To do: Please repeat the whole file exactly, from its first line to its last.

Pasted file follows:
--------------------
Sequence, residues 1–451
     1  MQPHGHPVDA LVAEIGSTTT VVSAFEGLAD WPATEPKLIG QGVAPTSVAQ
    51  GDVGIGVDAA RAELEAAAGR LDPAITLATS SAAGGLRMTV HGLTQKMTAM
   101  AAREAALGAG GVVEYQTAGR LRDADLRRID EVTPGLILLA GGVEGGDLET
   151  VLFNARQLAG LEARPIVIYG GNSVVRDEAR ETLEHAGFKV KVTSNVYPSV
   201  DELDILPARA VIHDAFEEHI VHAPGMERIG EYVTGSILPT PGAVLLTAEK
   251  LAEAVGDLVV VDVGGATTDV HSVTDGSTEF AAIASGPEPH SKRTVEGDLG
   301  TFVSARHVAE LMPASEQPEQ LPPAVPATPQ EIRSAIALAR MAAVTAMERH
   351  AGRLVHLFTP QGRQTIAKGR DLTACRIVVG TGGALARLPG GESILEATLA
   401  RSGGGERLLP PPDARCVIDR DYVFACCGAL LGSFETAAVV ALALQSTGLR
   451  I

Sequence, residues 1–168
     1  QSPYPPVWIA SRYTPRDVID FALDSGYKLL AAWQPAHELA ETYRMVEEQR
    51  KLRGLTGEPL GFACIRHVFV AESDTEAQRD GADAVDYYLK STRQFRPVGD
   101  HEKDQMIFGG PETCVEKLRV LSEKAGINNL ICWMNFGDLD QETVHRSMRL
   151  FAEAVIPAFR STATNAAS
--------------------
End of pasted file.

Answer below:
Sequence, residues 1–451
     1  MQPHGHPVDA LVAEIGSTTT VVSAFEGLAD WPATEPKLIG QGVAPTSVAQ
    51  GDVGIGVDAA RAELEAAAGR LDPAITLATS SAAGGLRMTV HGLTQKMTAM
   101  AAREAALGAG GVVEYQTAGR LRDADLRRID EVTPGLILLA GGVEGGDLET
   151  VLFNARQLAG LEARPIVIYG GNSVVRDEAR ETLEHAGFKV KVTSNVYPSV
   201  DELDILPARA VIHDAFEEHI VHAPGMERIG EYVTGSILPT PGAVLLTAEK
   251  LAEAVGDLVV VDVGGATTDV HSVTDGSTEF AAIASGPEPH SKRTVEGDLG
   301  TFVSARHVAE LMPASEQPEQ LPPAVPATPQ EIRSAIALAR MAAVTAMERH
   351  AGRLVHLFTP QGRQTIAKGR DLTACRIVVG TGGALARLPG GESILEATLA
   401  RSGGGERLLP PPDARCVIDR DYVFACCGAL LGSFETAAVV ALALQSTGLR
   451  I

Sequence, residues 1–168
     1  QSPYPPVWIA SRYTPRDVID FALDSGYKLL AAWQPAHELA ETYRMVEEQR
    51  KLRGLTGEPL GFACIRHVFV AESDTEAQRD GADAVDYYLK STRQFRPVGD
   101  HEKDQMIFGG PETCVEKLRV LSEKAGINNL ICWMNFGDLD QETVHRSMRL
   151  FAEAVIPAFR STATNAAS